• Silent snookerSilent snooker Posts: 378 Deckhand
    Yep....i remember coming out of harney pond canal and it looked similar to that and was loaded with ducks. The airboats would jump them up, and they would circle,and come right back to it. Now when you jump decent numbers of ducks they disappear into the horizon. Nothing for them to hold to in my opinion.

    Actually harney pond looked similar, to an extent, the week leading up to this season. While scouting we stopped and watched exactly what you described happen for the first hour of daylight. Large flocks getting kicked up and looping right back to the hydrilla. After the first week of being hunted heavy the numbers decreased substantially.
  • HuntsmanHuntsman Posts: 10 Greenhorn
    I'd be to embarrassed to have a photo taken with just one duck :rotflmao

    Nice one man :)
  • duckmanJRduckmanJR Posts: 20,156 AG
    Pinman wrote: »
    This was STA 5. It was a football field of Hydrilla. The number of ducks there was ungodly. Fisheating Bay on Lake Okeechobee looked very similar to this in the late 70's through 80's. No one will ever convince me there is a better duck attractant in Florida than Hydrilla but yeah, I know the problems that go along with it. You won't find topped out SAV like this at any STA now.

    No Beard?....I thought all duck commanders had a beard?..... :shrug:grin
    There are many roads to travel
    Many things to do.
    Knots to be unraveled
    'fore the darkness falls on you
  • swampwalkerswampwalker Posts: 2,340 Captain
    Interesting blind material in the boat..pre camo burlap.
    The original - "Renaissance Redneck"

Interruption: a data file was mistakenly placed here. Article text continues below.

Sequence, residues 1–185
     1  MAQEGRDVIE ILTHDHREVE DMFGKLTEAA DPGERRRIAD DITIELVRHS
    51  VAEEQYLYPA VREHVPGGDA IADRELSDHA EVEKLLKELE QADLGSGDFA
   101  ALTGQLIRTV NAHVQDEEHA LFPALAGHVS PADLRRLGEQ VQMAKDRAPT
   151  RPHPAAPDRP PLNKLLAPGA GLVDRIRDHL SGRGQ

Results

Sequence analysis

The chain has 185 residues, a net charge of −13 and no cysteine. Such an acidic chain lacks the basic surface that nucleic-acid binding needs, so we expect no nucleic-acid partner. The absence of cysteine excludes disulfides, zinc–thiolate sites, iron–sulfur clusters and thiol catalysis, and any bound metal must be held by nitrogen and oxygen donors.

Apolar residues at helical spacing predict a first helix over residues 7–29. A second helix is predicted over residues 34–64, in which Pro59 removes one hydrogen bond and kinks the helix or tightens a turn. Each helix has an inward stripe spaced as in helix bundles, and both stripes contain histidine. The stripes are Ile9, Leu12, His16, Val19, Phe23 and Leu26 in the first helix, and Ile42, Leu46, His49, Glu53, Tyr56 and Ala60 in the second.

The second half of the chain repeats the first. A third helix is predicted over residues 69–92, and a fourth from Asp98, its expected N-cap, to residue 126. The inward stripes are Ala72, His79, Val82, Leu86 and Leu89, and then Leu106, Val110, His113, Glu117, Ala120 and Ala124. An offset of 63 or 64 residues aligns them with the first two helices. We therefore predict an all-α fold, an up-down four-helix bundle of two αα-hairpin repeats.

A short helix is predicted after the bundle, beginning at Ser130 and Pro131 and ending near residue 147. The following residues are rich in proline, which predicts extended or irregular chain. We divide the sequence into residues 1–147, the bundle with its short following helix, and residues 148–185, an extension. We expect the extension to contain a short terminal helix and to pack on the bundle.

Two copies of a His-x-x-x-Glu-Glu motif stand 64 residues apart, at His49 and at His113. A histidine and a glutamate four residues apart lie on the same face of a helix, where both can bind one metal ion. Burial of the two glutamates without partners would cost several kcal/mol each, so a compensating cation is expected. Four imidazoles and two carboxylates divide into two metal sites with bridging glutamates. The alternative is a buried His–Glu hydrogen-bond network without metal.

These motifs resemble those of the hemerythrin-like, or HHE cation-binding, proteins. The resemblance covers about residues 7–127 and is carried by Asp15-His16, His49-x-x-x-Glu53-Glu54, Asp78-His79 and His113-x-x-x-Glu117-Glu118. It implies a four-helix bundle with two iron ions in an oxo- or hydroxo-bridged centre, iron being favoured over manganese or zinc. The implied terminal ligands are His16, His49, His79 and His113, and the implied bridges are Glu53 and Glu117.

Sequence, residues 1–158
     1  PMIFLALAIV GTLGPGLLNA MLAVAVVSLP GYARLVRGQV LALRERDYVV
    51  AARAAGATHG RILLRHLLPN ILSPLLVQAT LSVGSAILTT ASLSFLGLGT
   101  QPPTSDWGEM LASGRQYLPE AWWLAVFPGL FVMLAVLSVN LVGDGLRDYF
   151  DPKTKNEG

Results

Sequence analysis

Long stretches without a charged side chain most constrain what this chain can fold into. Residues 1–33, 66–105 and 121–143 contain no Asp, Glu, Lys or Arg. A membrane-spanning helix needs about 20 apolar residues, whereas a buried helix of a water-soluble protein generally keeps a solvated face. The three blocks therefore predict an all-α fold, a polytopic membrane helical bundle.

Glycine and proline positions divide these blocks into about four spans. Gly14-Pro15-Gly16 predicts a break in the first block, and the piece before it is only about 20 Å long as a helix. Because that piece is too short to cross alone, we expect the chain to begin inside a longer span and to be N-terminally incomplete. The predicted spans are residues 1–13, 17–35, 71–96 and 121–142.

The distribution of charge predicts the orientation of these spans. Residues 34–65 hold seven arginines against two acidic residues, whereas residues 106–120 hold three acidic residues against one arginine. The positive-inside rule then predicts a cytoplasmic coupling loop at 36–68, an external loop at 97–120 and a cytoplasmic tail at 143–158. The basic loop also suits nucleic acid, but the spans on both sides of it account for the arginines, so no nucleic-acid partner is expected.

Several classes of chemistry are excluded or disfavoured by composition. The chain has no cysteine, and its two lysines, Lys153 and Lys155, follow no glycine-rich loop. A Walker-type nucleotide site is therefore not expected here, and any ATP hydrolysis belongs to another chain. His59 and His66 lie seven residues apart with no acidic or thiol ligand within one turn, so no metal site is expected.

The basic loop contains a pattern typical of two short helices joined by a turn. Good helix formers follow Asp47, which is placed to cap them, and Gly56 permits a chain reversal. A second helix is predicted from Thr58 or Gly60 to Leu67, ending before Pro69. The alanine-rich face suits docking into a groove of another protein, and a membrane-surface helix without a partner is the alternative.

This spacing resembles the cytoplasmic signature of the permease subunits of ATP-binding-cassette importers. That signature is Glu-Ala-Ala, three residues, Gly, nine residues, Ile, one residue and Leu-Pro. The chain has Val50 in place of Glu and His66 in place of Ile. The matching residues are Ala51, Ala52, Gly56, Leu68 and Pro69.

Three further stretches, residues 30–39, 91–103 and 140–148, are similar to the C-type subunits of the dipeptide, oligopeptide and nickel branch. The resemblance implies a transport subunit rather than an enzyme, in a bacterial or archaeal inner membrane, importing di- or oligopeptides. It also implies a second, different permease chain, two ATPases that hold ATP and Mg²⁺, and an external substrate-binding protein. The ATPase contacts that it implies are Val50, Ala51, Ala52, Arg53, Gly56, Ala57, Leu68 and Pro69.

• PinmanPinman Posts: 2,307 Captain
    Huntsman wrote: »
    I'd be to embarrassed to have a photo taken with just one duck :rotflmao

    Nice one man :)

    Yeah but it IS the duck of all ducks! (see my screen name :wink).
  • PinmanPinman Posts: 2,307 Captain
    duckmanJR wrote: »
    No Beard?....I thought all duck commanders had a beard?..... :shrug:grin

    I had a beard once! Then I found a job.
  • PinmanPinman Posts: 2,307 Captain
    Interesting blind material in the boat..pre camo burlap.

    Fastgrass off the duck boat
  • gator4evergator4ever Posts: 2,558 Captain
    Actually harney pond looked similar, to an extent, the week leading up to this season. While scouting we stopped and watched exactly what you described happen for the first hour of daylight. Large flocks getting kicked up and looping right back to the hydrilla. After the first week of being hunted heavy the numbers decreased substantially.

    In 1981 (I believe one of the first years of steel shoot only) You could literally walk out into lake at Harney Pond. Talk about teal OMG it was something. But in all my years I have never seen more ducks than in the flooded cane fields of Okeelanta Sugar.

    Think for a minute when the lake was high. The only shallow puddle duck water around was Okeelanta and Talisman. But Talisman got shot up quick we never over shot the fields we hunted. Back then a lot of the birds stopped at Merritt Island. I wonder how MI has been affected with the STAs? I would bet there are less birds wintering there?
    "sometimes it's OK just to kill a little time" my grandpa 1972